There are thousands of die hard Apple iPhone fans waiting in line to purchase the smartphone that went on sale Friday morning at 8am. But alongside those die hard fans waiting in line are hundreds of people getting paid to wait in line.
More than 200 people are expected to hold places in line for strangers at stores around New York and the San Francisco bay area for the iPhone 5, Bloomberg.com reported on its Tech Blog. Most of these arrangements were made on the website TaskRabbit Inc., where a user can find workers to do odd jobs like, have them wait in line for four hours.
TaskRabbit is charging clients $55 to have someone wait in line for them for four hours. The company then takes an 18% “service fee” and leaves workers with $45.10 for hours worth of work.
But young people are also finding these odd jobs through Craiglist and other arrangements.
By noon Thursday, there were eight people in line outside the Union Square store, but many more were expected before Friday morning. Right behind Hufnagel was Christian Soto, 19, who was being paid $12 an hour by his employer, Compupod, a Mission District iPhone repair service. Soto got in line Tuesday and planned to get two or three phones, including a black 32-GB model for himself.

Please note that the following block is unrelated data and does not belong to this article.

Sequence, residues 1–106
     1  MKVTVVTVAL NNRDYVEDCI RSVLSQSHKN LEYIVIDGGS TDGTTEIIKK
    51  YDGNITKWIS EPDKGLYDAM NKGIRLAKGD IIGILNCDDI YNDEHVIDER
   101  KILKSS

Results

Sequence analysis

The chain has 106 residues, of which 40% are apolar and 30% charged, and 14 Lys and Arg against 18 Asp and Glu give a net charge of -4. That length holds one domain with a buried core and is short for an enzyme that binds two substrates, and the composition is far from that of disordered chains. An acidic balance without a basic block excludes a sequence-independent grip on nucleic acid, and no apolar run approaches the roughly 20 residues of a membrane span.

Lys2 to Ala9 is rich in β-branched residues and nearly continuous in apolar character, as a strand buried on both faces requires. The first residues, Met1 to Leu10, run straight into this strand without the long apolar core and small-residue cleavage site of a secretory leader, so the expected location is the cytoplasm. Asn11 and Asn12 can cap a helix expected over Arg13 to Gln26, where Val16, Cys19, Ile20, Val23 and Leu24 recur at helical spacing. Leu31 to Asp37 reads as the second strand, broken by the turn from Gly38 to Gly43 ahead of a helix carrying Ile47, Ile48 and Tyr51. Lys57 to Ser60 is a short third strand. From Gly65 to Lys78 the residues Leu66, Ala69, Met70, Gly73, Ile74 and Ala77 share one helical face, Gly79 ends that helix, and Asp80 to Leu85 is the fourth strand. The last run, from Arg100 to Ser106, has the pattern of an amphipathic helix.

“I’m getting paid and I’m getting the phone, so it works out,” Soto said from inside his bright green tent.
“Who can blame this guy? It’s an established fact that black and brown customers are leading smartphone adoption in the U.S. but that also exists alongside the reality that more people of color of living in poverty these days and that a vast majority of young adults are under or unemployed,” says Jamilah King, Colorlines.com’s news editor and technology reporter. “We live in a consumer society. And this guy clearly had to get his hustle to make things happen.”
In addition to TaskRabbit, the listings website Craigslist has dozens of posts in major U.S. cities from people seeking or offering line-waiting services.
After posting a Craigslist ad, Juan De Pablo, 25, is getting paid $150 to arrive at the Third Street Promenade Apple store in Santa Monica by 8 p.m. Thursday. “I kind of have a lot of free time on my hands,” Pablo told the L.A. Times.